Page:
4 months into the war, close to 3 million Ukrainian refugees are living in Poland; they are staying with locals or in shelters. The UNHCR says 6 million more may still be in the Ukraine proper.
To address this new challenge, SSF has set up a new program: a mobile clinic that can go where the refugees are.
SSF’s mobile clinic has been operating for several weeks now. The mobile clinic consists of a medical bus with 6 beds and an ambulance. SSF’s mobile clinic is traveling all over Poland to treat refugees in dozens of shelters. As an example, the unit was recently near the Rzeszow shelter and outside Warsaw to try to give medical care to people in need.
In the Ukraine
Many Ukrainians are refugees in their own country, and many are in remote areas where medical care is scarce at best. SSF has put together another mobile clinic that travels to where these refugees are with medical professionals and medications.
SSF’s team consists of a doctor, an ER doctor, a nurse and a PTSD expert. They have seen 40 children, age 6 to 14, at Stryï orphanage. The children had garden variety diseases like strep throat or bronchitis, but they also suffered from PTSD. Many children are disabled. SSF’s team used a building nearby to treat the refugees, including many older people who needed help.
What follows is a summary of SSF’s 4 months of action in the field, in Poland and in the Ukraine.
Since the very beginning of the war, or February 27, 2022, SSF has been in Medyka, a Polish border town, to help actively the victims of the war in Ukraine with medical care, an emergency shelter, shipments of medications into the Ukraine, food and supplies for 6 refugee shelters in Ukraine, and medical evacuations of older and/or sick people out of the Ukraine.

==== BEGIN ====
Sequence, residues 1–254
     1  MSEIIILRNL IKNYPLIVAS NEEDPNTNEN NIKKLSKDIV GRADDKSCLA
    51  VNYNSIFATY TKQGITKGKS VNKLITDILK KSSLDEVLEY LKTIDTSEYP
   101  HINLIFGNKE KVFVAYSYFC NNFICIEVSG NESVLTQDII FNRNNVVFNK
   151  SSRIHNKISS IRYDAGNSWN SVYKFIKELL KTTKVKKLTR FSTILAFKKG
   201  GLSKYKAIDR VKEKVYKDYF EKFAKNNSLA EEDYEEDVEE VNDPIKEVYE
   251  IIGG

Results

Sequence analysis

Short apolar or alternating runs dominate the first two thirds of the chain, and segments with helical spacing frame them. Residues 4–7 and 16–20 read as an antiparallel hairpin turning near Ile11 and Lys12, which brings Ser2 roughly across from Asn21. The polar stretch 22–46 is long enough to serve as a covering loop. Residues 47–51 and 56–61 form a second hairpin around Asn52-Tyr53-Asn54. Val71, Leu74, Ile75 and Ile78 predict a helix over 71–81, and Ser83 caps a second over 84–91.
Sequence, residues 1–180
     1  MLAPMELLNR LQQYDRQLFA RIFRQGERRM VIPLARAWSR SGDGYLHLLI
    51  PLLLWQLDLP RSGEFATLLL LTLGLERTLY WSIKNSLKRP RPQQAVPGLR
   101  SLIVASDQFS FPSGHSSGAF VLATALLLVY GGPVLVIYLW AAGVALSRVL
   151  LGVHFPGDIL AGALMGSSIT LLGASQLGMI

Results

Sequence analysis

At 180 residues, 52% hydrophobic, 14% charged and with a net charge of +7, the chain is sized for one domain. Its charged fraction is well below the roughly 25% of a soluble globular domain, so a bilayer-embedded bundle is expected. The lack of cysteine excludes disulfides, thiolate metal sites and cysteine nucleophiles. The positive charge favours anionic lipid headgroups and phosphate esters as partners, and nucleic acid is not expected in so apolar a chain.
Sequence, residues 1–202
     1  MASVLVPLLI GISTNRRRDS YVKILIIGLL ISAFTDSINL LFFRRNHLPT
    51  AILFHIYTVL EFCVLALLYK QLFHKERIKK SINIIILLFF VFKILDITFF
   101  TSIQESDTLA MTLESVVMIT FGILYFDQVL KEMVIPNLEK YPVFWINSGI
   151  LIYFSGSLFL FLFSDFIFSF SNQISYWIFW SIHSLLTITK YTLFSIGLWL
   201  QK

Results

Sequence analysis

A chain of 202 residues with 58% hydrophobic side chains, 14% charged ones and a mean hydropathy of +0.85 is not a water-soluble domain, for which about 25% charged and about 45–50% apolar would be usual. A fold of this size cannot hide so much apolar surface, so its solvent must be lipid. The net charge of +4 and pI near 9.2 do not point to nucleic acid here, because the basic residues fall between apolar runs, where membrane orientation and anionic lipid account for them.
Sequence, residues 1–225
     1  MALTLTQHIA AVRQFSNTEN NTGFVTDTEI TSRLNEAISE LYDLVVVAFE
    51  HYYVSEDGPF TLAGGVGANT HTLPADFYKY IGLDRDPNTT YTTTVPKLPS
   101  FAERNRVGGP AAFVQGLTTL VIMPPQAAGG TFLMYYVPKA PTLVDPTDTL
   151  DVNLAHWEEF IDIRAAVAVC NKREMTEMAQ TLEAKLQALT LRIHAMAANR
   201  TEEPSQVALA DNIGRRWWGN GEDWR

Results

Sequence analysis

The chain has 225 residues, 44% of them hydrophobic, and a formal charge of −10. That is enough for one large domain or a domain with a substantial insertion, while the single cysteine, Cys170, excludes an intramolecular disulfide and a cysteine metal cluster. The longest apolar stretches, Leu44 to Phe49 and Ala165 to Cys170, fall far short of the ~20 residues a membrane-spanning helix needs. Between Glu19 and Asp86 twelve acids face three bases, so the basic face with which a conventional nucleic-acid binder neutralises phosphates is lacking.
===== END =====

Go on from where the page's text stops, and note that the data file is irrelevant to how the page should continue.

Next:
Medical care in the border town of Medyka, Poland
SSF has set up 2 First Aid stations that operate around the clock. 11,000+ people have been treated in these stations by a team of 8 doctors, nurses, EMTs and logisticians working in shifts. The First Aid tents are also used as a pharmacy so we can give the patients the medications they need.
Emergency shelter in Medyka
SSF has set up a large tent that can house up to 150 refugees; it has cots and a play area for the children. This tent was for women and children only, and it was like a bubble of peace amid the chaos. 11,600 refugees have used the tent to eat and rest during the 3 months it was up. SSF also distributed warm clothing for the children in this tent.
Shipments of medications into the Ukraine
Thanks to donations, both as money and in kind, from all over Europe, 110 tons of medications and medical/surgical equipment have been delivered inside the Ukraine. They were delivered to 10 Ukrainian hospitals, to civilian and military medical units, and to an orphanage.
The following facilities have benefited from our shipments:
Military medical units
Battalion 5810 in Nikolaev
Battalion 48 in Nikolaev
Brigade 25 in Bilhorod-Dnistrovskyï
Brigade 18154 in Biliaïvka
Battalion 1546 in Balakliya
Battalion 69 in Havrylivka
Tetiev hospital in Kiev
Red Windows hospital in Odessa
Children’s clinical hospital in Lviv
District municipal hospital in Vilnyask
CyberKnife Center of Kapitanivka, Kiev oblast
Zaporijie regional hospital
Mechnikov hospital in Dnipro
Military field hospital in Zaporijie area
Special Operation in Mariupol
Shipment of medications for Mariupol refugees
Refugee shelters in the Ukraine
SSF set up refugee shelters in 6 Ukrainian cities: Zaporijia, Mikolaïv, Biliaïvka, Odessa, Kherson and Luhansk. We kept them supplied with food, clothes, medical care and psychological support. 60 refugees used to live and sleep in these shelters, and dozens more were stopping by to eat, seek medical care, take a shower and pick up a change of clothes. The local population was in a state of panic, so SSF arranged for a Ukrainian therapist to visit the shelters on a regular basis to supply support and medications.
Medical evacuations out of the Ukraine
SSF has arranged the medical evacuation of 100 women with infants or in labor, and of 23 elderly, sick or disabled people.
The war is far from over…
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